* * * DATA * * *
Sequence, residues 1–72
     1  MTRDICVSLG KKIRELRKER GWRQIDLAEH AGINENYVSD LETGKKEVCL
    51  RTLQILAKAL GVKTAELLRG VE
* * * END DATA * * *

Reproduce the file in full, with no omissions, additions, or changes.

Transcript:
Sequence, residues 1–72
     1  MTRDICVSLG KKIRELRKER GWRQIDLAEH AGINENYVSD LETGKKEVCL
    51  RTLQILAKAL GVKTAELLRG VE